Alimony Resources

  • Alimony Reform Act
    • ​Recent Cases
      • ​​​The retirement provision of the Alimony Reform Act of 2011 does not apply retroactively to alimony orders in divorce judgments that entered before March 1, 2012.
      • Supports the proposition that alimony might continue beyond an obligor's retirement.
      • ​​Generally, "the maximum presumptive duration of an award of general term alimony (based on the length of the marriage)" begins when the judgment of divorce is issued, and "does not include the time period during which temporary alimony was paid" while the divorce was pending.
  • Alimony Tax Guide
  • Alimony and Child Support Distinguished

          Following marriage, the couple begins to create a new life together. Often, couples begin to co-mingle their finances and live a lifestyle according to their joint income.  They also begin to make financial decisions as a pair, such as one person remaining home to care for children while the other one earns an income to support the family.  Unfortunately, when faced with a divorce, all of a sudden one person may be unable to support themselves either because they have been out of the work force for a long time, have to care for young children at home, or simply do not earn enough to support the lifestyle that the couple has become accustomed to.  This often leads to a claim for alimony.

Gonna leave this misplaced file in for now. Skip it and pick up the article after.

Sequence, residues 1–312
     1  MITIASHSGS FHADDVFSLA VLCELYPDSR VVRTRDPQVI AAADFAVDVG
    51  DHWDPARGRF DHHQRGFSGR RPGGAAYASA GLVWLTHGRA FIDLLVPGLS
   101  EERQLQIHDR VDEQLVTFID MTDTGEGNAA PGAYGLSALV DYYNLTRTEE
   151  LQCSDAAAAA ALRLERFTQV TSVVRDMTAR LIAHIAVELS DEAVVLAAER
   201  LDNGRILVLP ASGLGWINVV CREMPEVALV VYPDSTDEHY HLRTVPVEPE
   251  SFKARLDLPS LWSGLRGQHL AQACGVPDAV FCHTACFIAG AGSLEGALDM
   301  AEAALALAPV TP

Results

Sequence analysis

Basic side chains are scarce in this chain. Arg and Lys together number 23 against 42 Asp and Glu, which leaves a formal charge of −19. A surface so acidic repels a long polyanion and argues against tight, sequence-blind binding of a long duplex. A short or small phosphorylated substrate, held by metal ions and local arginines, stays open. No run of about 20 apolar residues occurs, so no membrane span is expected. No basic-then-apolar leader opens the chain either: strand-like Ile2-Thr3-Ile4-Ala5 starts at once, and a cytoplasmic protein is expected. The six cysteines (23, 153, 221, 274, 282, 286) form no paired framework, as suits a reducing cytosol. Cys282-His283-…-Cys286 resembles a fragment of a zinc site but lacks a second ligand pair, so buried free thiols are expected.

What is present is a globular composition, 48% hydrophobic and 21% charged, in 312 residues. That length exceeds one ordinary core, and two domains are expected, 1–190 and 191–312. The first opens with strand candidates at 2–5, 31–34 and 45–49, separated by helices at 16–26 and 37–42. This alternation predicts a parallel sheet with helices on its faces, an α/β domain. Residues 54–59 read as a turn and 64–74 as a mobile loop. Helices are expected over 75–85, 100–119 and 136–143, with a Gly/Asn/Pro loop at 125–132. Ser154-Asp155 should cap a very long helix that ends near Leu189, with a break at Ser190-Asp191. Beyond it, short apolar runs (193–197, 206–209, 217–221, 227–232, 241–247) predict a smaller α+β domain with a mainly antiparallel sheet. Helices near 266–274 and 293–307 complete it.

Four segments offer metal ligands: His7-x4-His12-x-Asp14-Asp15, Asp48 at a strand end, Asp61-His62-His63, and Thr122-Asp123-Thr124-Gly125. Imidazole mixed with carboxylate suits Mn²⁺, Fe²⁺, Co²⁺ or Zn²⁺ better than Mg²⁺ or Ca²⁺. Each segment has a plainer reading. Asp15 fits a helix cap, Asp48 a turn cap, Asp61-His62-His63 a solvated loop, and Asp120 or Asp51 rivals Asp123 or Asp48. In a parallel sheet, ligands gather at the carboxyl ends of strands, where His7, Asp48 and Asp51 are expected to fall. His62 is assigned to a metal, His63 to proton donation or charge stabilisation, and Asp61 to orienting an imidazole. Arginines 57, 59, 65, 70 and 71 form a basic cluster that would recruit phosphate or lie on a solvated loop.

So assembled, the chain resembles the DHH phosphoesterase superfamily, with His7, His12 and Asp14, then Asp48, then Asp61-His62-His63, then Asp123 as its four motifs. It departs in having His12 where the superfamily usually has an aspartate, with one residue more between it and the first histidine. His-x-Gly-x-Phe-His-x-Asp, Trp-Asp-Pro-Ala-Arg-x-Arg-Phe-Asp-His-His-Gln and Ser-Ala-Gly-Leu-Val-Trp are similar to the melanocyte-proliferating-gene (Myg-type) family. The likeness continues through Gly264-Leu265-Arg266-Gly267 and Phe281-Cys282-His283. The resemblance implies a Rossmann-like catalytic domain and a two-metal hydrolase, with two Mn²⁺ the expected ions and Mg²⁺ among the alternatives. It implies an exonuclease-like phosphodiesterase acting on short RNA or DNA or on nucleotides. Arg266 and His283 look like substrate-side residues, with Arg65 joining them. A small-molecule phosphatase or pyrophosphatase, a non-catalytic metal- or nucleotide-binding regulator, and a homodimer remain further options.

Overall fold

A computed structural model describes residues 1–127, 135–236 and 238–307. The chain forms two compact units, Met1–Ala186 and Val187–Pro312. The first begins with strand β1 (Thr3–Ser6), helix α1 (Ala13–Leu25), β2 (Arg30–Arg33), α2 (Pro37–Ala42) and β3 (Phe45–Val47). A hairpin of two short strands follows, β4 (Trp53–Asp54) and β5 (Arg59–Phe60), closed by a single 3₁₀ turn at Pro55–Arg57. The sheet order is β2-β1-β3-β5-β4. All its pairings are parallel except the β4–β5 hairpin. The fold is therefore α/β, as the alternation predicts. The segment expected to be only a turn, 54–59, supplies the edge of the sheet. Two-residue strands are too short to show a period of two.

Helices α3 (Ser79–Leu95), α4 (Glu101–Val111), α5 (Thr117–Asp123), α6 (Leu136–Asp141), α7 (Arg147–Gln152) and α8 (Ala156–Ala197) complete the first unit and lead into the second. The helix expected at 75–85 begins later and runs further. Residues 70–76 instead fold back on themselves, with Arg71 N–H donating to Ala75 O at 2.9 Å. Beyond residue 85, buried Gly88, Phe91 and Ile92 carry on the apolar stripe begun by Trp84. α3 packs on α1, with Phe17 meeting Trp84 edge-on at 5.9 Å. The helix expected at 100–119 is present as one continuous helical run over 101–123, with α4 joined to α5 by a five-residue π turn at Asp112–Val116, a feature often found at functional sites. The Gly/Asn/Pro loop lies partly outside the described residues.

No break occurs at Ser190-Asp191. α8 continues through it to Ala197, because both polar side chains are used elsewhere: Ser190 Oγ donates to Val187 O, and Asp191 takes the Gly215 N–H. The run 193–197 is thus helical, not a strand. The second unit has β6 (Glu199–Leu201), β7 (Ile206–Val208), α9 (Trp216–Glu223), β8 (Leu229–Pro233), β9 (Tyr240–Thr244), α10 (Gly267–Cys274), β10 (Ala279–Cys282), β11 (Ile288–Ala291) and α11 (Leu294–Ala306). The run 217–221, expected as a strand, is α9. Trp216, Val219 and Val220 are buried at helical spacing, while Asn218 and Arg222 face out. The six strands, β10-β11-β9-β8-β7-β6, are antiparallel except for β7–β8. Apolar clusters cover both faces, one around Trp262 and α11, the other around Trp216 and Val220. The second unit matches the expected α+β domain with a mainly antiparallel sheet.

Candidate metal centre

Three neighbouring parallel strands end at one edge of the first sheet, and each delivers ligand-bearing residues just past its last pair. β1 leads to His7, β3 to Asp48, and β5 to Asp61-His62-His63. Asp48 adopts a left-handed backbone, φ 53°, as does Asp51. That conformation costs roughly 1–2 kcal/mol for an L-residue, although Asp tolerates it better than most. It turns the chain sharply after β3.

Alimony is the legal obligation to provide financial support to a financially dependent spouse.  In March 2012, Massachusetts enacted the Alimony Reform Act, which made significant changes to the alimony law, affecting any previous and all future orders of the court.  Among many things, the Alimony Reform Act established three different types of alimony and created durational limits on alimony payments depending on the length of the marriage. In addition, the new law also stated that alimony should terminate if the person receiving the alimony payments began to live with (“co-habitate”) with a new partner. The new law also permits the termination of alimony payments once the person making the alimony payments (the “Payor”) reaches retirement age.

          If you have any questions about alimony, if you think your alimony payments should be increased or if you are paying alimony and believe that you are paying too much, our attorneys may be able to assist you. We can assist you in a legal proceeding to seek a modification of the court order regarding alimony. We are determined to make sure our clients rights are protected and understand that each marriage is unique and the financial decisions that were made years ago can have a lasting impact on your post-divorce well-being.

          If you would like to discuss your present circumstances, learn what your rights would be in relation to an alimony obligation, or need representation in a current modification action related to an alimony obligation, please call or email us and arrange for a free consultation with one of our domestic relations attorneys.